Warning shots in Cincinnati

Rioting: Better training and renewal of trust sorely needed to prevent outbreaks of unrest.

April 13, 2001

WHAT AN appalling disaster when police and citizens fall to shooting each other.

With so much crime drawing police into open warfare with drug dealers, the risk rises before our eyes. Sadly, every city must think of itself as a tinderbox of potential flare-ups.

In Baltimore, brazen criminals protecting their turf have killed policemen. Police, by turns, have been charged with serious misconduct.

In one well-known case, a jury freed a man charged with deliberately ramming a police vehicle.

The police, jurors said afterward, were a bigger threat than the criminals. That is but one bit of shocking evidence that the fundamental trust between community and cop is deeply frayed.

The friction may be inevitable as police try to wrest blocks of the city away from gangs whose drug selling leads to war with other gangs. But if police and honest citizens can't find a way to restore a working relationship, the conflict will worsen.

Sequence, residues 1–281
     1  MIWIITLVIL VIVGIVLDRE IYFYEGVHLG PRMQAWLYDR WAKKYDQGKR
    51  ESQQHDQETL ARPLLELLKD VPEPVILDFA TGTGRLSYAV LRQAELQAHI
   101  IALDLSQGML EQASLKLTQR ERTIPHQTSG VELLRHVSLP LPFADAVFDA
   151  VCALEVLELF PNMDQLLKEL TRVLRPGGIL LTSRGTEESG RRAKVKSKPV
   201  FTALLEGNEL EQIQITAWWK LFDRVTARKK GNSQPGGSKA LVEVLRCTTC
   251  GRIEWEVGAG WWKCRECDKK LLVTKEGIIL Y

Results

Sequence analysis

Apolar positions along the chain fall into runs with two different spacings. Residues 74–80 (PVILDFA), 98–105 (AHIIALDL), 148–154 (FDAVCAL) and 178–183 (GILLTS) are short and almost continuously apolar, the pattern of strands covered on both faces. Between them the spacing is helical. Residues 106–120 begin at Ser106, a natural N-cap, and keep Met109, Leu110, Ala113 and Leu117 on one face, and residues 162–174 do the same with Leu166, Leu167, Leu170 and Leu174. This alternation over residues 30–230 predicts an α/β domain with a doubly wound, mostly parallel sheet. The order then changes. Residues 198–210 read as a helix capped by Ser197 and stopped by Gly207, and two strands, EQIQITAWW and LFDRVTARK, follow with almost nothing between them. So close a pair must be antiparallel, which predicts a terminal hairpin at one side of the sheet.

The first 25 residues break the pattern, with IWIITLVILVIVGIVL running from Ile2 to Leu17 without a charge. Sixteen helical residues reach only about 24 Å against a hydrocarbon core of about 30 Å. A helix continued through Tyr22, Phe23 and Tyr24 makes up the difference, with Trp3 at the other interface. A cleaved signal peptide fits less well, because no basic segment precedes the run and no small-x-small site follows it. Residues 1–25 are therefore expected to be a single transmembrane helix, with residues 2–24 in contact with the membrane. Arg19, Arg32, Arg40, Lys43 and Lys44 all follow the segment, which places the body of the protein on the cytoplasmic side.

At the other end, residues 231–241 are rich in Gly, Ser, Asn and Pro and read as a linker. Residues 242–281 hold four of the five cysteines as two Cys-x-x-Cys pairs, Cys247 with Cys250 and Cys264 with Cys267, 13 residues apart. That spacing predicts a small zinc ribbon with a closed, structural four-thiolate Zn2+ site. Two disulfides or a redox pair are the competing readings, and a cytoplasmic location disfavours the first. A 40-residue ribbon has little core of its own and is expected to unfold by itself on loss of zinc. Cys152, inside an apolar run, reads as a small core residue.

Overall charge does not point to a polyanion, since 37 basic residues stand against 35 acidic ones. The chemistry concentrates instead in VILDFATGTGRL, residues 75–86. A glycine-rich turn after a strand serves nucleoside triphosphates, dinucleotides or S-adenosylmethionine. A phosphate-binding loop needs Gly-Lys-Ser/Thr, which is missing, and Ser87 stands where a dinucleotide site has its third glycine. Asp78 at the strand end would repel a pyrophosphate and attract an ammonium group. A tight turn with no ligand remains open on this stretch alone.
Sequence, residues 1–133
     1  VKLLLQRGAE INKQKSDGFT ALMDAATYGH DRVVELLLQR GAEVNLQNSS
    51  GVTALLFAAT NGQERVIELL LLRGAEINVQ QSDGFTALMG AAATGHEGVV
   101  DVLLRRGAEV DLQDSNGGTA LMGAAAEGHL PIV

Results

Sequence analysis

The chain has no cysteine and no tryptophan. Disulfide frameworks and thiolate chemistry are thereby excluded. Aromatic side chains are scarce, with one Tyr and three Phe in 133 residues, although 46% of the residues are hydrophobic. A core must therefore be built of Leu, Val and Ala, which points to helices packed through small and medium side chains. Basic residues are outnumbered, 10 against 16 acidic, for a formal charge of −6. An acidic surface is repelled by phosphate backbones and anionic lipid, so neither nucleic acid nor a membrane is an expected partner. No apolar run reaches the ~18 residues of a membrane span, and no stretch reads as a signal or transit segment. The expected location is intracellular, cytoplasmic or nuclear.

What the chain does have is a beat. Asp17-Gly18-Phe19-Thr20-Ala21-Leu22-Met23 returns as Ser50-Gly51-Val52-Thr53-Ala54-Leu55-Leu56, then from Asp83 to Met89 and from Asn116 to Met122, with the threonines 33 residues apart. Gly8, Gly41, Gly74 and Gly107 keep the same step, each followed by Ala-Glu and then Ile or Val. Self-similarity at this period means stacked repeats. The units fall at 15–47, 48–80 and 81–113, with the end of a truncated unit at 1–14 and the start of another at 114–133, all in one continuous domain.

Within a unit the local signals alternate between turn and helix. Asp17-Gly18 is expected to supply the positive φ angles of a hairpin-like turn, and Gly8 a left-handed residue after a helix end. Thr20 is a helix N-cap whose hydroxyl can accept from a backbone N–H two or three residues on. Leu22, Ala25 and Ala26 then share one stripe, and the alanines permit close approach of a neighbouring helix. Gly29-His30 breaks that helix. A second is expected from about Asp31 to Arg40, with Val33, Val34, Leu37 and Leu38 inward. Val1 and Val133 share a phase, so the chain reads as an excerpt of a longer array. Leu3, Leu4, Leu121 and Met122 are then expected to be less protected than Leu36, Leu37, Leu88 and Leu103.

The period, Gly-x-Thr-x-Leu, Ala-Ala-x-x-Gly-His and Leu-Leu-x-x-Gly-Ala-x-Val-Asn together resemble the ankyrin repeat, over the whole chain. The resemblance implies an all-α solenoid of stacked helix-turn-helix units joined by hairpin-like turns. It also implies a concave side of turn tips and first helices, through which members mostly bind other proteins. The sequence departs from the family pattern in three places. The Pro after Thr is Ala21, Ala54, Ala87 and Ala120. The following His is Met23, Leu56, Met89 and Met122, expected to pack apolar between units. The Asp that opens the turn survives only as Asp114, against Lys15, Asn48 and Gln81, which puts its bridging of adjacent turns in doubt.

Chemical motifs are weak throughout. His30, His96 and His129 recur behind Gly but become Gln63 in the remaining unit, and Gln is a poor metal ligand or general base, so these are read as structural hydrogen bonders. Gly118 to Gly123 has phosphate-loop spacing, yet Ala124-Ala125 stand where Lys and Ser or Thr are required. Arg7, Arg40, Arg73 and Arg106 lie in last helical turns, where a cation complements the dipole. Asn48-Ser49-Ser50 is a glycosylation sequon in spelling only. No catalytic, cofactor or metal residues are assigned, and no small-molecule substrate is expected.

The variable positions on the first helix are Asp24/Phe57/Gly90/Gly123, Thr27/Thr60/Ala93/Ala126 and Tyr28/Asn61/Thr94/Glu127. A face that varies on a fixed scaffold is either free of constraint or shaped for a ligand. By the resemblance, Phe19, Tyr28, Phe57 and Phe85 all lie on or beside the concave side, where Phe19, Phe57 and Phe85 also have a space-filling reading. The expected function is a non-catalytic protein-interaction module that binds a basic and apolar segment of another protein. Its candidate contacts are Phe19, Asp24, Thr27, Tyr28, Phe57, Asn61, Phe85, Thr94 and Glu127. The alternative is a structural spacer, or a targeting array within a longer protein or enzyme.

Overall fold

Case in point: In Cincinnati, the shooting death of a 19-year-old man by police unleashed a wave of community outrage and demonstrations this week. And more shootings: Police fired rubber bullets and beanbags into crowds of demonstrators.

The mayor declared a state of emergency and imposed a curfew. The City Council postponed its meeting. Shops were looted.

Once this level of unrest descends, the difficulty of restoring order cannot be understated. People who lived through the hot summers of the 1960s saw lives lost, houses torches and businesses invaded.

And they saw inevitably provocative cordons of police in riot gear attempting to protect life and restore stability.

The confrontation in Cincinnati came after Timothy Thomas was fatally shot as he ran from a police officer trying to arrest him on 14 warrants. Mr. Thomas was wanted for misdemeanors and traffic violations, including driving without a license and failing to wear a seat belt.

Quite appropriately -- if somewhat tardily -- the FBI announced a civil rights investigation: Fifteen black men have been killed by officers in Cincinnati since 1995.

Other police departments will be well-advised to conduct their own investigations -- of training, of procedure, of policy and of attitude -- before they face angry mobs in their own cities this summer. Both sides need to reach a much higher level of understanding to restore trust and avoid more loss of life.

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